The Bitter Taste of Defeat

Don’t put Justin Bieber in a box. Since coming into his artistic own with Purpose in 2015, Bieber has spread his artistry over the musical spectrum, with work ranging from sensitive electro-pop to obtuse, lazy R&B. His newest song, “Yummy,” falls into the latter. While reviews on the new single are somewhat mixed, the general consensus about it is that it is too dragged down by its simplicity and lyrical hollowness to be special.

Belmont is Gentrifying … Fast

The Fordham and Belmont communities have had a long, tenuous relationship with each other, to say the least. As we know, Fordham University has a student body that is predominantly both white and from upper-class backgrounds. In contrast, Belmont is incredibly ethnically diverse and one of the poorest in New York City. Specifically, 31% of Belmont residents fall below the poverty line. This compares to a Bronx average of 25% and a New York City average of 20%. Additionally, the average income in Bronx Community Board 6, which Belmont is located in, is a measly $25,972. To put that number in perspective, the average income in Bergen County, New Jersey, where many Fordham students originally hail from, is about $85,000. The unemployment rate in Belmont is much higher than the national average. As of the last count, it was about 16%. This is more than 5 times the national average!

Trump Impeached, Trial Goes to Senate

Donald J. Trump has become the third president to be impeached. On December 18th, the House of Representatives voted to pass the two articles introduced, both on near-party line votes. The articles, for abuse of power and obstruction of congress, were passed on the strength of the Democratic caucus alone, with neither receiving a vote from a single Republican. An historic vote, Trump has now joined Andrew Johnson and Bill Clinton as the only presidents to be impeached by the House. The charges stem from the July 25th phone call between President Trump and newly elected Ukranian President Vlodymir Zelensky, during which President Trump appeared to ask Mr. Zelensky to open an investigation into Hunter Biden, the son of Democratic presidential hopeful and former Vice President Joe Biden, and his business dealings with large Ukranian companies. The caveat– that is, the quid pro quo of it all– is that routine military aid for Ukraine, several hundred million dollars of it, had been held up for the past few weeks before this, leading some to believe that Mr. Trump was conditioning the aid on Mr. Zelensky’s willingness to open an investigation into one of the President’s premier political rivals.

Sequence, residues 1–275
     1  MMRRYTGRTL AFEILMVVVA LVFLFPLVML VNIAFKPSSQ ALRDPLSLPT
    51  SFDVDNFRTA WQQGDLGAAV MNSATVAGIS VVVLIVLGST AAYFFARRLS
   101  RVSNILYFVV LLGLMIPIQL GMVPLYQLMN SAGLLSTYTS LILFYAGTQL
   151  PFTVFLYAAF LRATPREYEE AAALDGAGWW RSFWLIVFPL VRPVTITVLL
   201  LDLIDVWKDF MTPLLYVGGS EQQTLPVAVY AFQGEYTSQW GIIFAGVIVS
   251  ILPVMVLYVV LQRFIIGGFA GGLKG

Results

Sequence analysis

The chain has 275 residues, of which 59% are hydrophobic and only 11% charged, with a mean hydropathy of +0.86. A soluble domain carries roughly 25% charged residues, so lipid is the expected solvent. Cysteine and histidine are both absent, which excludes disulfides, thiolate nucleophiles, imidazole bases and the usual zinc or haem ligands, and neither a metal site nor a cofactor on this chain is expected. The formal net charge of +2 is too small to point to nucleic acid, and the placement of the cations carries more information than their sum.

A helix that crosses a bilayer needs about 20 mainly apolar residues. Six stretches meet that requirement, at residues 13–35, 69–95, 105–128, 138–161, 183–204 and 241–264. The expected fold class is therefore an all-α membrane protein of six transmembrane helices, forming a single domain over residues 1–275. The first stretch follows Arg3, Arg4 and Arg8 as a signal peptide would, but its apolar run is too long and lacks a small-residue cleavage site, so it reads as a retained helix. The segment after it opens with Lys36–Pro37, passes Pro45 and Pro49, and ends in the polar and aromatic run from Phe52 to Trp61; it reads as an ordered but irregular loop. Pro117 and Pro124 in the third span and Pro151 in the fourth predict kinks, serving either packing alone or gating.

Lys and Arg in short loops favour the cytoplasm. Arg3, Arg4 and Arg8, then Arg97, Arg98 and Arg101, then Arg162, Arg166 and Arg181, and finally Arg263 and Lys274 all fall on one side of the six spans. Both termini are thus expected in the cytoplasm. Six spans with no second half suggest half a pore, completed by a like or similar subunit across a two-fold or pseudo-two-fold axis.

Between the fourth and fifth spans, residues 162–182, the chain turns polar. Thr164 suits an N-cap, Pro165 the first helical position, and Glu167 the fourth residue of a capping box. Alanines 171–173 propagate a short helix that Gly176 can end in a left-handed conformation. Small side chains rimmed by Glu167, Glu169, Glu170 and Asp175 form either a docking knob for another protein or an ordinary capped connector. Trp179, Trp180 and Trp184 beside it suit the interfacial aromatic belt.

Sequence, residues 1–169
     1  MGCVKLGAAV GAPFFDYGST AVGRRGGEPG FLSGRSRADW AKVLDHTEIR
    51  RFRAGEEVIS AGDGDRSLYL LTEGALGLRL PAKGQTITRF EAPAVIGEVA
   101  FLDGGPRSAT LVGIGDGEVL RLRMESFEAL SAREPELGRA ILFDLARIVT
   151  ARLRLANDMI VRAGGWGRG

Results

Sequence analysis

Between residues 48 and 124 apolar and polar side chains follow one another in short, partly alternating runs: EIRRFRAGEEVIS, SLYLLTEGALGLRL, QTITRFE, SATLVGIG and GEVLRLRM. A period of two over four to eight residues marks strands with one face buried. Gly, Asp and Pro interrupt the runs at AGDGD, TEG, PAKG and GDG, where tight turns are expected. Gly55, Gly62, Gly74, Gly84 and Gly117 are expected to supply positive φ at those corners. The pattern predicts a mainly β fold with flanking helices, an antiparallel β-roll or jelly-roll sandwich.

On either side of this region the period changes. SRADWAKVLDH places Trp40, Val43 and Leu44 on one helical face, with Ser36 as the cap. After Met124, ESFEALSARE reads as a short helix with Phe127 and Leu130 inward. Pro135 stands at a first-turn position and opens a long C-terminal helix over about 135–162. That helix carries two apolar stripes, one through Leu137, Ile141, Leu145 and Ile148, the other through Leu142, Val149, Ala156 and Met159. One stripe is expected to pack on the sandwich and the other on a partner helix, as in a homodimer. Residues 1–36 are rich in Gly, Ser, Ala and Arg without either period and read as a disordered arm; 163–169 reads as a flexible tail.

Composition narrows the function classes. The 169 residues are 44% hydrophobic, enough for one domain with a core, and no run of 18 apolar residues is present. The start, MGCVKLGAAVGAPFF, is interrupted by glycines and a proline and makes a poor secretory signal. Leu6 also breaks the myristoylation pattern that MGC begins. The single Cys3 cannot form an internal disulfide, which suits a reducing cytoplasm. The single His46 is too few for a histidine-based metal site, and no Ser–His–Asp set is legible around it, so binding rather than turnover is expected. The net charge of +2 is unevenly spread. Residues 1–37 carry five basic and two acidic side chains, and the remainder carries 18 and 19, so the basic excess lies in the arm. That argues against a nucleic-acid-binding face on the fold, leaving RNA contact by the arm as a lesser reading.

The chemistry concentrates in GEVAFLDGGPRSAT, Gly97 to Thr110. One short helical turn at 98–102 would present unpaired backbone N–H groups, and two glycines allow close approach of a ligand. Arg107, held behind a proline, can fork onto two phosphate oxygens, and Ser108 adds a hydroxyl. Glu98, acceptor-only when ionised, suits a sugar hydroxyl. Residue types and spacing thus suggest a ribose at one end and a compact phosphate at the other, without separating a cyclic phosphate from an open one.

Kobe Bryant’s Death Coincides with Bizarre Advertising Campaign

While the rest of the world mourned the loss of NBA superstar Kobe Bryant, who, along with nine others, passed away in a helicopter crash on January 26th, the Planters Peanuts marketing team scrambled to address backlash from their newest ad campaign. Just days before the tragic Bryant accident, Planters Peanuts uploaded an advertisement to YouTube which depicted the death of their mascot, Mr. Peanut, who dies in a fiery car crash. The team published the ad as the first part of a series that would finish with Mr. Peanut’s funeral during the Super Bowl. However, the resemblance to Bryant’s fiery helicopter crash was uncanny, and many viewers critiqued the strategy, calling it insensitive and tasteless.

Bernie Sanders and Elizabeth Warren Fall Out of Love

On Tuesday, January 14, CNN and the Democratic National Convention hosted the 7th Democratic presidential debate. The event took place in the desolate wastes of Des Moines, Iowa; America’s favorite place to watch old, white people duke it out. Of the six candidates that participated in the debate, Bernie Sanders and Elizabeth Warren were by far the most heavily featured. However, it wasn’t their policies or rhetoric that resonated with the audience, it was the uncomfortable tension that arose between them. In fact, the only memorable thing to come from this two hour circlejerk was the forced confrontation between their differing progressive ideologies.